An Australian slave trade

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Immigration Minister Philip Ruddock recently announced that the federal government is committed to combating the crime of trafficking for sexual slavery, where women are brought to Australia against their will and used as sex slaves. The minister’s comments were long on rhetoric and short on practical details and commitment. It seems the minister is more concerned with damage control, following public horror at revelations that there are trafficked women in Australia.

Trafficking for sexual slavery is a serious crime against humanity. The government’s commitment to addressing this human rights disaster is a good first step, but until concrete measures are introduced to protect and assist the victims of trafficking and to prosecute those responsible, there is little cause for excitement at the minister’s announcement.

In April this year, the New South Wales Deputy State Coroner, Carl Milovanovich, handed down his findings in relation to the inquest into the death of a trafficked woman in Villawood Immigration Detention Centre. The Coroner’s case showed that despite Ms Puongtong Simaplee revealing to a Department of Immigration and Multicultural and Indigenous Affairs (DIMIA) Compliance Officer that she was the victim of sexual slavery, she was incarcerated in the Villawood Immigration Detention Centre, where she died three days later as a result of heroin withdrawal and medical mismanagement. The Coroner found that aspects of the medical treatment of Ms Simaplee were inadequate, inappropriate and below the standard expected.

Both DIMIA and Australasian Correctional Management (ACM)—who operate Australia’s detention centres—failed Ms Simaplee. There are obvious and simple measures that should have been taken to assist and protect her. Until the government and its private detention centre operators take such measures to assist trafficked women, any claims to be addressing the issue are hollow.

Appropriate treatment of the victims of trafficking includes putting them in touch with agencies that have expertise about the needs of trafficked women and providing them with lawyers who can advise them of their rights. In addition, both DIMIA and ACM staff should be trained specifically to identify trafficking issues and to respond appropriately when someone reveals they have been trafficked. Trafficked women suffer from complex psychological and health issues that require careful and informed treatment.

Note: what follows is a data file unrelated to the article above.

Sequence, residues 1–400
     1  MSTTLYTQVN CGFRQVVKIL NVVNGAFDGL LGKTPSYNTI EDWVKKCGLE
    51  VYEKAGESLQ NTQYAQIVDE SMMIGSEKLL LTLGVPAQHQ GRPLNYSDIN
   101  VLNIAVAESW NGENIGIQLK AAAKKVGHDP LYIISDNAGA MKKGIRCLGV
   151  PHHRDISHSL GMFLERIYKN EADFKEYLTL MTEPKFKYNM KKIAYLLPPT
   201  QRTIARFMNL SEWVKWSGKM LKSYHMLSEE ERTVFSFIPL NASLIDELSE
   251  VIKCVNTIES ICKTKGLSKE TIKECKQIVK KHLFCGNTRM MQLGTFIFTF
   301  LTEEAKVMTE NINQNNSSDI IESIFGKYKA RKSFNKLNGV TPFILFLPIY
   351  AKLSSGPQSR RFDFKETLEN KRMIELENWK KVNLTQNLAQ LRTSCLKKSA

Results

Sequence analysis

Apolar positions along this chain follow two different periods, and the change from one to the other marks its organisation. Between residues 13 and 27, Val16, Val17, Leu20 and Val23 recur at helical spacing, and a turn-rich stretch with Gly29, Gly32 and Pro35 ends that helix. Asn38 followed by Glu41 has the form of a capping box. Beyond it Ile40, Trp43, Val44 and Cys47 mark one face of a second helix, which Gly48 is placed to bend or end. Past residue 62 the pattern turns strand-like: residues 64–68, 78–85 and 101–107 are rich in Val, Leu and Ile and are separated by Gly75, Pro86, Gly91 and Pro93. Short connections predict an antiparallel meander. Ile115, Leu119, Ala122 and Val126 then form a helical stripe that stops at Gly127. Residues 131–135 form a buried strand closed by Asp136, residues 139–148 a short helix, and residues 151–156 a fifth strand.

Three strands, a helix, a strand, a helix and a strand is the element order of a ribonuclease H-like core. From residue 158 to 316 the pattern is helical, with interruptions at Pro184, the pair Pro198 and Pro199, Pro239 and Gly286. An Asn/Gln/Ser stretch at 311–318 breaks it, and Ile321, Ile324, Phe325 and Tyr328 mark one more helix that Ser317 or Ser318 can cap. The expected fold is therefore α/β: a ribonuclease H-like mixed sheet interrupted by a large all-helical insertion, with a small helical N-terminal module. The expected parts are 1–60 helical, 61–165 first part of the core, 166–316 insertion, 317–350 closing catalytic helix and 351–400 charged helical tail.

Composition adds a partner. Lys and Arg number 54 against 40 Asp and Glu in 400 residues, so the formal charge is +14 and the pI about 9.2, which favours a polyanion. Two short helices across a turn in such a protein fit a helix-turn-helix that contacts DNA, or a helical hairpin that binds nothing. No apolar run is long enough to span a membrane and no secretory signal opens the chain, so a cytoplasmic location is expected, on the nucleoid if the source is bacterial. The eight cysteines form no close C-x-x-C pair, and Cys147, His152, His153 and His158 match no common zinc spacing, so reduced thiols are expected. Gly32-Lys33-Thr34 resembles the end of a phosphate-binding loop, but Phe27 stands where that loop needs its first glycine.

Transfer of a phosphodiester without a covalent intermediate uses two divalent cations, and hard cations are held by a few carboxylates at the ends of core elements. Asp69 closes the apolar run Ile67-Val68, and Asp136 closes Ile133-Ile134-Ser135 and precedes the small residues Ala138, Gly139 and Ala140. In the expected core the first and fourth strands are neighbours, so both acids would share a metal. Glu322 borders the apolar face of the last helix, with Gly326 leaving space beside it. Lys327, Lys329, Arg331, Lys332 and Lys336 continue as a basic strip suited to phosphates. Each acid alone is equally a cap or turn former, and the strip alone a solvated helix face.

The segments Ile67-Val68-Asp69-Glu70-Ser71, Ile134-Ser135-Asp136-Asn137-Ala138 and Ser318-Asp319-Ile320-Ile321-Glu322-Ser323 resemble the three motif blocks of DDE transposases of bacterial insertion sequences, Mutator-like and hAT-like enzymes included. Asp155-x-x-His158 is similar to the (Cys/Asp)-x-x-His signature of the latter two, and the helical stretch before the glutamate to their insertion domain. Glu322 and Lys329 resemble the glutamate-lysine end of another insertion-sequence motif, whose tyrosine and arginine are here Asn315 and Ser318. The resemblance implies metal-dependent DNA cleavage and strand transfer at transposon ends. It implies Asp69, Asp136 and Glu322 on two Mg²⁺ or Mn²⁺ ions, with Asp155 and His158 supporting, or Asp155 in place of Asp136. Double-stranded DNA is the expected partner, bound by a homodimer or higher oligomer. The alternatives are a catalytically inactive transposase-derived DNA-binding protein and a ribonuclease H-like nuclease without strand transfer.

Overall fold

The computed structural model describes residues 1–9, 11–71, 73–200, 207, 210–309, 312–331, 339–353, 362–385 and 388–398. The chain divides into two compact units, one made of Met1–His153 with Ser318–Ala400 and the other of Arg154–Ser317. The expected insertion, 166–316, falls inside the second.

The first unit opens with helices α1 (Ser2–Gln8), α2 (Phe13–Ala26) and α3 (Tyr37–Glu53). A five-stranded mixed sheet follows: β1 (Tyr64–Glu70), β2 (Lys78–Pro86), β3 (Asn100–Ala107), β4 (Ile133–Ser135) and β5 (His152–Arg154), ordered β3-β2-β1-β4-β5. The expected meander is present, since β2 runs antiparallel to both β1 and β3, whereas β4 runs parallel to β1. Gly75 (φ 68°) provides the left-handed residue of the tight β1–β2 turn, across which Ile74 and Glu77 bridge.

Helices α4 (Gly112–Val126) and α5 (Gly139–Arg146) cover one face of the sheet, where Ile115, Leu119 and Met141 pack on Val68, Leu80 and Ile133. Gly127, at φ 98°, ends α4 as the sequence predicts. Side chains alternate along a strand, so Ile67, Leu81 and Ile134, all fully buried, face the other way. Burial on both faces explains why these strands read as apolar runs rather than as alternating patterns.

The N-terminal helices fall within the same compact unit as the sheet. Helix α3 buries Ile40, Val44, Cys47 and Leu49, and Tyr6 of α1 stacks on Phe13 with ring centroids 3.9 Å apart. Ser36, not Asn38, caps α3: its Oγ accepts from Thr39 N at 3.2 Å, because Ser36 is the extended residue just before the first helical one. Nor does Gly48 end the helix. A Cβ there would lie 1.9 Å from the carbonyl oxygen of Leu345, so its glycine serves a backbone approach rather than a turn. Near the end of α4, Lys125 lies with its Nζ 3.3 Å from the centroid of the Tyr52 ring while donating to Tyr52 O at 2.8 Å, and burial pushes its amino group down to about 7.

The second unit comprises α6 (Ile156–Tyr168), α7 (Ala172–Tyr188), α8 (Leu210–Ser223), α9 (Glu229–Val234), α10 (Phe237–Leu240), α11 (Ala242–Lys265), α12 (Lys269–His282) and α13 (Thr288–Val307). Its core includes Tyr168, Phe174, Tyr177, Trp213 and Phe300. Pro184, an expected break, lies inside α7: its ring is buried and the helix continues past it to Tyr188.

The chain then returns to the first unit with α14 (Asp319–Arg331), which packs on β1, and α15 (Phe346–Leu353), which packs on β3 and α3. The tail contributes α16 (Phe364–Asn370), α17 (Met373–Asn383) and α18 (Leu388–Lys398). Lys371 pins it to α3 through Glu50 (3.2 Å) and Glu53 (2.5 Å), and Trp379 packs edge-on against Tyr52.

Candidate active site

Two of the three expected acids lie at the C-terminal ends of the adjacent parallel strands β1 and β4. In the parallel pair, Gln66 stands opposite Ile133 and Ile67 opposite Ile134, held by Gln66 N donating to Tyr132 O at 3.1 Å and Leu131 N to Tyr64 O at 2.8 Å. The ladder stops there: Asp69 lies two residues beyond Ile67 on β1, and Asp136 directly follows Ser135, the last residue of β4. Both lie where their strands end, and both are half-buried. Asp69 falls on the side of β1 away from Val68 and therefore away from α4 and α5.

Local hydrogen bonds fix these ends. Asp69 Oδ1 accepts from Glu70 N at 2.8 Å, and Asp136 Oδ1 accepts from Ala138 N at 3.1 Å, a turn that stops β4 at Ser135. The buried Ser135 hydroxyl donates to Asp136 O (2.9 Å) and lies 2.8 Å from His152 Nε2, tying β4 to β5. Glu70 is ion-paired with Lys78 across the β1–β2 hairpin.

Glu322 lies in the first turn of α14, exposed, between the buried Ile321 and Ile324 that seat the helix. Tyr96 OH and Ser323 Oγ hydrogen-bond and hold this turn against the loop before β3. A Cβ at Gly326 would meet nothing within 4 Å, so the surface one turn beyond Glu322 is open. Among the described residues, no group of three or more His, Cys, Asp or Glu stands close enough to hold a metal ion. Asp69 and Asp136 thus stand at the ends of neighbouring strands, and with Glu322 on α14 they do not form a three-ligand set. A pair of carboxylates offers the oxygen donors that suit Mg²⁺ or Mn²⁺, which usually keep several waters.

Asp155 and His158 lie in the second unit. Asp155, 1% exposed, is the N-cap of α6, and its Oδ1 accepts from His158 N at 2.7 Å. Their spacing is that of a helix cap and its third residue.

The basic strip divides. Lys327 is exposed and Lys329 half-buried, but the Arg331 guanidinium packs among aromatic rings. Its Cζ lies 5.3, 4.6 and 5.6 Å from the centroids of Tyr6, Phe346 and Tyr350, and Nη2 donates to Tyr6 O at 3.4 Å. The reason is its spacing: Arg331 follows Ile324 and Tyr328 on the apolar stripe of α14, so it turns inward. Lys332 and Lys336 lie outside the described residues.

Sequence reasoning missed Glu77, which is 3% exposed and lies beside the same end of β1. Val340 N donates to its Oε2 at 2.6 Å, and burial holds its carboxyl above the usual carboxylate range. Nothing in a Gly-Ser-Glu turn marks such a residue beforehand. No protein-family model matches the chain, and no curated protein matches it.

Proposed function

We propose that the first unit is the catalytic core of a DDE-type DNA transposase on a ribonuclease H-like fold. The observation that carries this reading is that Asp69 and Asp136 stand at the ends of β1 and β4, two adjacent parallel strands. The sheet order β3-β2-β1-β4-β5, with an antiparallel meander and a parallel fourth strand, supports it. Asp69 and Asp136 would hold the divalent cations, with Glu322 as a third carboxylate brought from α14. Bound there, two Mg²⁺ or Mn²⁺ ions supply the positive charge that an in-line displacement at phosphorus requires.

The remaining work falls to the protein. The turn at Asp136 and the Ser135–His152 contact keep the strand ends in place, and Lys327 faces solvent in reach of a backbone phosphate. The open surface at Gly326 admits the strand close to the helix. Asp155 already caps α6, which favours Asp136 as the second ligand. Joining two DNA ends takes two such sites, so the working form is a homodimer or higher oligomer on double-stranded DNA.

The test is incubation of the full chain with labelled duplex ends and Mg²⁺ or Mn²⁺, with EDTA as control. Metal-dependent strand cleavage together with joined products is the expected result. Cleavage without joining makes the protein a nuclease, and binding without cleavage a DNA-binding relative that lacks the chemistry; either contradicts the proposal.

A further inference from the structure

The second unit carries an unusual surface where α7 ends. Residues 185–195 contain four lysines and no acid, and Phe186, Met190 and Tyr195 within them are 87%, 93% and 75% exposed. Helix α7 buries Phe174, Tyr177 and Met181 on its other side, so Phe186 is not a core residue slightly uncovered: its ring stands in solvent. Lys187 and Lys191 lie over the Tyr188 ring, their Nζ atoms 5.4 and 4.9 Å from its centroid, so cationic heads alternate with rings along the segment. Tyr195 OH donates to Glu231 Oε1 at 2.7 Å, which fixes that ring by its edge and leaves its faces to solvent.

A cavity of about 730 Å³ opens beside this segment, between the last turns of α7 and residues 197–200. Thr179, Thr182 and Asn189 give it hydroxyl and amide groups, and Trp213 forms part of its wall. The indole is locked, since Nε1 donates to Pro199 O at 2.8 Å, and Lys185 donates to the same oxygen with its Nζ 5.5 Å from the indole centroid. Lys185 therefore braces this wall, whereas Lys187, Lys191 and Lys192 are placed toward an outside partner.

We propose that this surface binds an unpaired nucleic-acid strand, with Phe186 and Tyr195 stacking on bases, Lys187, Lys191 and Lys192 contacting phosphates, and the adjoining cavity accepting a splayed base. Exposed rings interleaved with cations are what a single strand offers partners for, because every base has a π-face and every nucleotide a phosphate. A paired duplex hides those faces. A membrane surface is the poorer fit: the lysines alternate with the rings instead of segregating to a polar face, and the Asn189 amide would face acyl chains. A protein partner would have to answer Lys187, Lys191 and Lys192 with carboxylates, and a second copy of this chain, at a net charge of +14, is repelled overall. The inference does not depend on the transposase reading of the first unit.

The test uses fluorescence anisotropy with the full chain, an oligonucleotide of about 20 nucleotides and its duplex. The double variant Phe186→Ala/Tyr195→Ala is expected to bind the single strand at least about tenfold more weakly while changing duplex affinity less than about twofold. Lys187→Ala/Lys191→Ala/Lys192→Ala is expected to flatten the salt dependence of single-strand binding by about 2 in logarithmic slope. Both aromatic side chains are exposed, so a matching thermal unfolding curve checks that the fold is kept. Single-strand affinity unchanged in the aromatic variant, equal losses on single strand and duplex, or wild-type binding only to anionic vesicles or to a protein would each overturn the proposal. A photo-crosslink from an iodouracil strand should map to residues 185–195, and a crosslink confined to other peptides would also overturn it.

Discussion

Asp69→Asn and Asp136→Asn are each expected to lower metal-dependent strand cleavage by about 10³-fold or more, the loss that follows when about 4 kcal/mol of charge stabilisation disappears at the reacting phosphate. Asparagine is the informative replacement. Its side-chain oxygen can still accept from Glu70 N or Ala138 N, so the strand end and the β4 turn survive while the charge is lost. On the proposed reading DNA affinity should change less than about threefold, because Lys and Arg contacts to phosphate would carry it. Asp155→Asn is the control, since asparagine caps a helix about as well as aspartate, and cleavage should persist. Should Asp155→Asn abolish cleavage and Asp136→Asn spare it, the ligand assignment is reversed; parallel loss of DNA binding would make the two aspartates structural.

Bridging visas need to be available to victims of trafficking so that these victims are not kept in detention centres, where experiences of powerlessness and abuse can only be exacerbated. The policy and conditions of mandatory detention contributed to Ms Simaplee’s death and threaten the lives of many other trafficked women. It needs to be easier for those who allege they have been trafficked to obtain criminal justice visas and witness protection, so that they can safely remain in Australia at least for the time it takes the federal police to investigate their stories.

Brothels should be scrutinised by state and federal police so that the crime rings behind people-trafficking are eradicated and illegal brothels are shut down. The Commonwealth legislation that makes trafficking a crime should be strengthened in order to prosecute traffickers. Organisations that have worked to establish access to imprisoned sex workers need better funding, so they can assist more women to escape.

It will be interesting to see exactly how the government plans to address trafficking for sexual slavery. After considering the evidence about Ms Simaplee’s death, Coroner Carl Milovanovich recommended that DIMIA and ACM should consider working with other organisations to provide appropriate medical, community and translator services to women who have been identified as possible victims of trafficking. The UN Trafficking Protocol (to which Australia is a signatory) requires the government to take measures to protect victims of trafficking. The tragic death of Ms Simaplee demonstrates what can happen when such  obligations are neglected.

Minister Ruddock frequently refers to his commitment to the human rights principles embedded in the philosophy of Amnesty International. Here is an opportunity to display this commitment.

Georgina Costello is a Melbourne-based lawyer and a fellow at OzProspect, a non-partisan public policy thinktank.


 

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Existing comments

hello my name is mary jayne nd i want 2 say why their had do slavery back then that was terrible like mostly ever country was in it why didnt we just get along australian slaves african slaves ilanders slaves even kids dat was under 6 were taken away nd never got 2 grow up nd see hw thier life would be people should know hw bad slavery is people sell people 4 money nd thier didnt even care if kids were getting sold fo more then $600 luckly no kid should live like dat noe because ever one has a fare chance of living thier life nd becoming a better person 2 every person in the world
mary jayne | 12 February 2013


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